"West Charleston" redirects here. For the unincorporated village in Vermont, see Charleston, Vermont
West Charleston is an unincorporated community in western Bethel Township, Miami County, Ohio, United States. It was laid out in 1807 by Charles Friend and was at that time known as Friendtown. Notable early residents were John Newcomb, the first merchant, and Jack Schlosser, the first tavernkeeper. Also from West Charleston was the Hoagland family, developers of Royal Baking Powder. The business was later moved to the nearby city of Troy, Ohio, and later to New York City.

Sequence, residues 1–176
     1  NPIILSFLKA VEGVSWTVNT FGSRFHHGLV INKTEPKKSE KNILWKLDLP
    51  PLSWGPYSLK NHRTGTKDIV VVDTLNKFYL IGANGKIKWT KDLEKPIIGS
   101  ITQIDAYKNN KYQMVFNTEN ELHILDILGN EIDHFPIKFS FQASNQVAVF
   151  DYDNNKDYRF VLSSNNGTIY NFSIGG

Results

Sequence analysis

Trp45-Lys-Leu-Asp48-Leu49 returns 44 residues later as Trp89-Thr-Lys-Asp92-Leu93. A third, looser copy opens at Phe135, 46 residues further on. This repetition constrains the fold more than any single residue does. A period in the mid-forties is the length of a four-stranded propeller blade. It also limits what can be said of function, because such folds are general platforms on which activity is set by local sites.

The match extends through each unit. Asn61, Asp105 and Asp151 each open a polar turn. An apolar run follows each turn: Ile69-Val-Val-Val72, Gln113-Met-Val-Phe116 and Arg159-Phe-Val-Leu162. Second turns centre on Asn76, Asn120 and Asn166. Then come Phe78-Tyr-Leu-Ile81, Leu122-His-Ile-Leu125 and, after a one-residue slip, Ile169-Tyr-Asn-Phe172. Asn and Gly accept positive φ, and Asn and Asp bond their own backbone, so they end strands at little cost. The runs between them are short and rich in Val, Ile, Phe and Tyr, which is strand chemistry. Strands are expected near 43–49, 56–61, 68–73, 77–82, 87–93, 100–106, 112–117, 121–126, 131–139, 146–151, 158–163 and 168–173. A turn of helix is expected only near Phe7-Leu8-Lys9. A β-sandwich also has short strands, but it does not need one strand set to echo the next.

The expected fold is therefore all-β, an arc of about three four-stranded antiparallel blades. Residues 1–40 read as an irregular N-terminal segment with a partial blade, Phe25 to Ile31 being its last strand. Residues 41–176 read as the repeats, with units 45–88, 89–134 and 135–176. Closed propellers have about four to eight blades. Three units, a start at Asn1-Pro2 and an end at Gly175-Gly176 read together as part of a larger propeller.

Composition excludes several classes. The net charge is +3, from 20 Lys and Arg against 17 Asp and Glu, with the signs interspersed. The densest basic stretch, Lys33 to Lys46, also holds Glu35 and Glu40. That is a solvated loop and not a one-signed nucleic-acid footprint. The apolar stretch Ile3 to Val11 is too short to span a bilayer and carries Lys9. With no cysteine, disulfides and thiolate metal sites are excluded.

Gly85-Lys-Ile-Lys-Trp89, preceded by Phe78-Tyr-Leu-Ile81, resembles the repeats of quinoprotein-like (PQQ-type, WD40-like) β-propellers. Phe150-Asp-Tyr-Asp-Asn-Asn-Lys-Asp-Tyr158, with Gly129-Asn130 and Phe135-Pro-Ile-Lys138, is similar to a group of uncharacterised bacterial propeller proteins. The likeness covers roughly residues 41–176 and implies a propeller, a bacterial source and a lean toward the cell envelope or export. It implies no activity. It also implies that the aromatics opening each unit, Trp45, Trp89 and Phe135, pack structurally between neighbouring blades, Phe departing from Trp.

West Charleston lies astride State Route 202, earlier known as the North Miami Pike. The road was formed along the route cut through the area by George Rogers Clark in 1782 during his campaigns against the natives at Lower Piqua and Upper Piqua. It is also the route taken southward to Cincinnati by General "Mad Anthony" Wayne after the Battle of Fallen Timbers and the completion of the Treaty of Greenville.
The community is part of the Dayton Metropolitan Statistical Area.
Coordinates: 39°55′23″N 84°08′01″W / 39.92306°N 84.13361°W